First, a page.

I.Saturn from "Roman Antiquities, and Ancient Mythology" by Charles K. Dillaway
II.Saturn from "Myths and Legends of Ancient Greece and Rome" by E.M. Berens
Saturn was the son of Caelus and Titæa or Terra, and married his sister Vesta. She, with her other sisters, persuaded their mother to join them in a plot, to exclude Titan, their elder brother, from his birthright, and raise Saturn to his father's throne. Their design so far succeeded, that Titan was obliged to resign his claim, though on condition, that Saturn brought up no male children, and thus the succession might revert to the Titans again. Saturn, it is said, observed this covenant so faithfully, that he devoured, as soon as they were born, his legitimate sons. His punctuality, however, in this respect, was at last frustrated by the artifice of Vesta, who, being delivered of twins, Jupiter and Juno, presented the latter to her husband, and concealing the former, sent him to be nursed on Mount Ida in Crete, committing the care of him to the Curētes and Corybantes.
The reign of Saturn was so mild and happy, that the poets have given it the name of the golden age. The people, who before wandered about like beasts, were then reduced to civil society; laws were enacted, and the art of tilling and sowing the ground introduced; whence Varro tells us, that Saturn had his name a satu, from sowing.
He was usually represented as an old man, bare-headed and bald, with all the marks of infirmity in his eyes, countenance, and figure. In his right hand they sometimes placed a sickle or scythe; at others, a key, and a circumflexed serpent biting its tail, in his left. He sometimes was pictured with six wings, and feet of wool, to show how insensibly and swiftly time passes. The scythe denoted his cutting down and subverting all things, and the serpent the revolution of the year, quod in sese volvitur annus.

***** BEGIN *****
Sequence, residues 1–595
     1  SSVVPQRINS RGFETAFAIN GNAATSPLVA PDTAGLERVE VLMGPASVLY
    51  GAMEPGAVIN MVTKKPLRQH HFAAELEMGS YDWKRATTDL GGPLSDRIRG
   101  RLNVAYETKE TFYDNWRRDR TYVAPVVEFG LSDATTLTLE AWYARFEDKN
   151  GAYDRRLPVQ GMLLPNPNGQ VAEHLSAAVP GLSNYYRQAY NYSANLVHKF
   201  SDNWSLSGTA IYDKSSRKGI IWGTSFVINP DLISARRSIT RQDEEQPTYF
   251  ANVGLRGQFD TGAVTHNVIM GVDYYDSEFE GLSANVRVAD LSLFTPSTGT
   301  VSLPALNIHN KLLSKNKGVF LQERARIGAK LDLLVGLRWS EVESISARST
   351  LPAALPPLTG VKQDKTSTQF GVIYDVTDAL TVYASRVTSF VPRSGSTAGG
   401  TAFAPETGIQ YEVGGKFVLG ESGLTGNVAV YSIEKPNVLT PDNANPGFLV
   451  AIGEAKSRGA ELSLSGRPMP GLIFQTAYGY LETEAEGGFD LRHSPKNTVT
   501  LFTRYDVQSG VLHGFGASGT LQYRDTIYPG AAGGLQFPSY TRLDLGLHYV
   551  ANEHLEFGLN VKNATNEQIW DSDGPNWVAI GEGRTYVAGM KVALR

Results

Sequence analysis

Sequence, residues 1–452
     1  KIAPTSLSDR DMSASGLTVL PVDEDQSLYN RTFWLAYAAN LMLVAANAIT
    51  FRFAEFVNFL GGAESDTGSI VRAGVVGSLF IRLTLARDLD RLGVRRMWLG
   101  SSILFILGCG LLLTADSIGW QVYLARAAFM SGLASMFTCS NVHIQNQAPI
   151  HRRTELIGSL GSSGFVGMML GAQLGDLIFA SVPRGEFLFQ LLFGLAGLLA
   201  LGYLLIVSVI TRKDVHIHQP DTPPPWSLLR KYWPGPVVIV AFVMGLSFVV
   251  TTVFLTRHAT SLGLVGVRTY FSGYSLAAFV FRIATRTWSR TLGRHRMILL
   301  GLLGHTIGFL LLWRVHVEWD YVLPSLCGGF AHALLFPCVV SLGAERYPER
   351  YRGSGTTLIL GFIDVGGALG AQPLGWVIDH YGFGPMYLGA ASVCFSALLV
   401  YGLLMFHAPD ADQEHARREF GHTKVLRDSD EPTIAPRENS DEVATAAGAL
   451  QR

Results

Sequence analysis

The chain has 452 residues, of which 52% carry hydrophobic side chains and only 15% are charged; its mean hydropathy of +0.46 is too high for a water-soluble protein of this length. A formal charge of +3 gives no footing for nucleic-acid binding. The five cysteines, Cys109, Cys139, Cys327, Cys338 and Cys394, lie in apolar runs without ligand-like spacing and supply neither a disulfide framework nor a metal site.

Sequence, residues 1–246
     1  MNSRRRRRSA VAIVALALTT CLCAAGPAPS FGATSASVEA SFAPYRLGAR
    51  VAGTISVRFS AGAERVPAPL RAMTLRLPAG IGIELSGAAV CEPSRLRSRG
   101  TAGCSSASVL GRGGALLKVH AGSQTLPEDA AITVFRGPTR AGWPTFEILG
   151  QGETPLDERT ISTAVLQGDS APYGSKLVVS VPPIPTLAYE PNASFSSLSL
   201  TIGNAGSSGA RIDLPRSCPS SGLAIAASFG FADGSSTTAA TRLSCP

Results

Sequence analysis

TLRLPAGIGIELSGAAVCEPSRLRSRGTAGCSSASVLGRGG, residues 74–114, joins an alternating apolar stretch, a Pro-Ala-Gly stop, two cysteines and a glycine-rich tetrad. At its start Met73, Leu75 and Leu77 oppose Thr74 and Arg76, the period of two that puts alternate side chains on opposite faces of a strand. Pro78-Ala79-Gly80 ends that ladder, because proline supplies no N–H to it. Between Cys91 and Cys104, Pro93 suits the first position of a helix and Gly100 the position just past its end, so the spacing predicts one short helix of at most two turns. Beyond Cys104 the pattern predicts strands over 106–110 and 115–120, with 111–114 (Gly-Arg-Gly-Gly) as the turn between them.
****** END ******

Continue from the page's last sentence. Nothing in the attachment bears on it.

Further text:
The Romans, according to their custom of identifying their deities with those of the Greek gods whose attributes were similar to their own, declared Cronus to be identical with their old agricultural divinity Saturn. They believed that after his defeat in the Titanomachia and his banishment from his dominions by Zeus, he took refuge with Janus, king of Italy, who received the exiled deity with great kindness, and even shared his throne with him. Their united reign became so thoroughly peaceful and happy, and was distinguished by such uninterrupted prosperity, that it was called the Golden Age.
Saturn is usually represented bearing a sickle in the one hand and a wheat-sheaf in the other.
A temple was erected to him at the foot of the Capitoline Hill, in which were deposited the public treasury and the laws of the state.